Self-Defense in High Schools, It’s Time for a Change

Chelsea King was by all accounts a beautiful, smart, and talented young lady still growing up in San Diego. Tragically, her life full of promise was cut short and the man arrested in connection with this horrible crime is a registered sex offender, released against the advice of a psychiatrist.

This has made think about predominately two questions. First, why is self-defense not a mandatory part of middle school and high school curriculums? There has been a lot of buzz about sex-offender law reform in the wake this tragedy. I fully support harsher punishment for sex-offenders and more stringent restrictions once released. However, I am convinced that this is not enough because the bottom line is that, no matter what the law says, we cannot control the actions of others but we can control what we do about it. That is why it is so important that each and every person on this planet knows how to protect themselves. I think we need to start focusing more on what we can control, which is our actions and our knowledge.

The second question that is currently nagging me is this: Why am I not doing anything to make self-defense mandatory? The answer is that I have no idea but I do know that I am going to change that. We, as a society, need to be proactive about our own safety and the safety of the people we care about. It is time to call on our legislators and tell them what we need to happen to be safe and what we need to prevent senseless tragedies such as what happened to Chelsea. Why was I forced to play kickball and soccer in high school gym class but never once learned how to set a boundary, how to trust my intuition, or how to defend myself if those things didn’t work? It is time to change that.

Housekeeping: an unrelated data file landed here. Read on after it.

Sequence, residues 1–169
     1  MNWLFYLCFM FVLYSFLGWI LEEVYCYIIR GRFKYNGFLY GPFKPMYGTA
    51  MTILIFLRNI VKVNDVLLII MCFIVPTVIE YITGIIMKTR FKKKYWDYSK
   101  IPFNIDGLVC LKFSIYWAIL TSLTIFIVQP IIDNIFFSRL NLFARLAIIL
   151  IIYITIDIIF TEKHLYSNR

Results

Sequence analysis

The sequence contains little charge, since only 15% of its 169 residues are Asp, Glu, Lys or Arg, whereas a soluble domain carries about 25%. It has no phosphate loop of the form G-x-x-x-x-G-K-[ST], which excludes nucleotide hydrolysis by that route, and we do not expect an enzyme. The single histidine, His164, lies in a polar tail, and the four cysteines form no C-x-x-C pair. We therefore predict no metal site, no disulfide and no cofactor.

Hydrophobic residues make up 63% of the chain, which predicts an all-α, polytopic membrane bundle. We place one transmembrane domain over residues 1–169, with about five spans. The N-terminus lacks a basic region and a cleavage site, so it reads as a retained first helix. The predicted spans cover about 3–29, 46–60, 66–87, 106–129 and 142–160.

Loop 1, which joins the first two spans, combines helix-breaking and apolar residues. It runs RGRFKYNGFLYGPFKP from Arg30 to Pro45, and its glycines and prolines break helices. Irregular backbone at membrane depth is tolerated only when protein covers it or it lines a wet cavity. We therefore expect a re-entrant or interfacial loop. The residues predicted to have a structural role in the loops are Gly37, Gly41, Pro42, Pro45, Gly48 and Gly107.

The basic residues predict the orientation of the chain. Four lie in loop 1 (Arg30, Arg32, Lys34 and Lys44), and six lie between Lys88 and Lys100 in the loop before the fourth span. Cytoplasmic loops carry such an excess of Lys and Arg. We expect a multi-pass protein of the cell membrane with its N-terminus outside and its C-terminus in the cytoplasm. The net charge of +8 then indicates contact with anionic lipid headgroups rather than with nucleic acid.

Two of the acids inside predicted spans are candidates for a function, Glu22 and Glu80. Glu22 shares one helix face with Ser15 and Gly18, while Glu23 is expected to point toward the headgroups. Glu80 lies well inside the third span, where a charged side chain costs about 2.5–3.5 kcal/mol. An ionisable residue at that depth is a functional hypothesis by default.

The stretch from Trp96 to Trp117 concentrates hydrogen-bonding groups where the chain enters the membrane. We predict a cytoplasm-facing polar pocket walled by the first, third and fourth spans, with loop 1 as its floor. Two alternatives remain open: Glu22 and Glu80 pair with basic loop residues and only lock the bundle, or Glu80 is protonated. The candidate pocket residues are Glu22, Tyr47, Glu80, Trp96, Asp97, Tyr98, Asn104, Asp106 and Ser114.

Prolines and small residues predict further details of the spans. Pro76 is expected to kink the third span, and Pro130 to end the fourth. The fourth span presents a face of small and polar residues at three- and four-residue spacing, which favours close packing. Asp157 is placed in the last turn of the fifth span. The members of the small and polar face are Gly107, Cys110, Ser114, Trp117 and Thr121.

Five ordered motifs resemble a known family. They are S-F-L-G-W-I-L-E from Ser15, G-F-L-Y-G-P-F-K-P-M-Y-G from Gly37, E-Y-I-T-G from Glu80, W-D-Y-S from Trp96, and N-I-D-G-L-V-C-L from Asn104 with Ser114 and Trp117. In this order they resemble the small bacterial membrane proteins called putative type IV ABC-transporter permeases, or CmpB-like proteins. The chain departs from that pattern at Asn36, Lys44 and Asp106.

I am going to start in Oregon, my home state, and I invite everyone to join me.

“Be the change you want to see in this world.” Mahatma Gandhi

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